Later this month we will also be getting Mr. Fool’s annual bonus check, and we have already determined that my traditional IRA will be fully funded for 2015, and we’ll see what we do with the rest.  Then in April we have a 3-paycheck month which will mean more income vs spending, and that will get saved as well.  Ideally we’ll start putting money into my IRA for 2016 right away so it’s not last minute.

I’m glad to be on this journey and realizing that we needed to get a handle on things.  We still feel foolish, but hope that 6 months from now and a year from now seeing the changes over time will make us start to feel a little less so.

Jan/Feb 2016

So, obviously one of my goals I talked about in my intro post was to get a handle on our money situation.  We have a budget, but when we thought long and hard about exactly what we spend on a monthly basis, we really didn’t know the answer.  We can ballpark it, but ballpark doesn’t work for us when we’re on a mission.  So, that was job 1.

The other thing was to compile all of our accounts into one place to get a handle on our net worth.  This was an area that, honestly, we were far less certain of.  After compiling the number for March 1, I can honestly say that I would have been off.  WAY off.  Like possibly tens or a hundred thousand dollars off.  Luckily the result was better than I expected.  And in this market I consider that a huge win.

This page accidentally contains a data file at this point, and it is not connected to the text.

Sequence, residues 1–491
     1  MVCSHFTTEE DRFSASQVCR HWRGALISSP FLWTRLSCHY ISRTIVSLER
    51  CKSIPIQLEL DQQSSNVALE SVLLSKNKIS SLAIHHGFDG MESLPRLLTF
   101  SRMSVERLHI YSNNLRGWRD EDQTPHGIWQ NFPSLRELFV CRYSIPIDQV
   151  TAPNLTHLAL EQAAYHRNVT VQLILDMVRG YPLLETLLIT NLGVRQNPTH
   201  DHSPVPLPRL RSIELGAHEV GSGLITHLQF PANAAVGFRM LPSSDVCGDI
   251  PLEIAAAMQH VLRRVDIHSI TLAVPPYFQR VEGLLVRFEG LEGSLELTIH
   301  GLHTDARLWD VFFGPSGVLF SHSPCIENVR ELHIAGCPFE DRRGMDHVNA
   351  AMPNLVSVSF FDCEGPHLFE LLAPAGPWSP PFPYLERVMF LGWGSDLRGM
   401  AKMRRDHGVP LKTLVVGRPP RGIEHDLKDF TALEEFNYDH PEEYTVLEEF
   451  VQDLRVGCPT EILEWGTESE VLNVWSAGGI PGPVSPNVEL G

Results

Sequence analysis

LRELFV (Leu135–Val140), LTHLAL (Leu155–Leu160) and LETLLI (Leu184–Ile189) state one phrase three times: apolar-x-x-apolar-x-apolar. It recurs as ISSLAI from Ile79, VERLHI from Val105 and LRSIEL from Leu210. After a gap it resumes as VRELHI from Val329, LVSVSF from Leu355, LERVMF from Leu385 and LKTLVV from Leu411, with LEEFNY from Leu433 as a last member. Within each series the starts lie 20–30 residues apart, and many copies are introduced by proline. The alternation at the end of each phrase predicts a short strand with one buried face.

So, I’d like to get more detailed on this in the future, but for simplicity sake I’ll do this:  Personal Capital says our spending for Feb (I didn’t start using it until mid-January and not relying on it for that month) was $85% of our income.  YIKES.  Obviously that needs to come down if we’re going to make any sort of progress getting to financial independence more quickly.  Without our mortgage  it’s 66%.  I should also add that the spending amount also includes additional amounts paid toward some debts (mortgage and student loan – our only actual debts).  THIS is why you don’t want debt, people.  It literally eats up all the payments I could instead be saving.  “Same as cash” is NOT a good deal, I don’t care if it’s zero interest!  Because both are low interest (3%) we have decided to instead start saving the additional payments starting in March.

Net worth….this month our net worth totals in at $448K and some change.  Like I indicated, better than I expected, but we still have a ways to go.  $448K isn’t bad, but if your spending is 85% of income, it pretty much sucks.  The FI formula would tell us we have a LONG way to go before FI.

So…..spending.  We are in the midst of two projects that is causing spending to be higher than normal; a laundry room renovation and an outdoor project.  Once complete spending will come down, and then we really need to have a “no additional spending” month to get a good handle on what our minimum monthly expenses really are.  One win though was bringing food spending down $300 this month.  I’ll take it.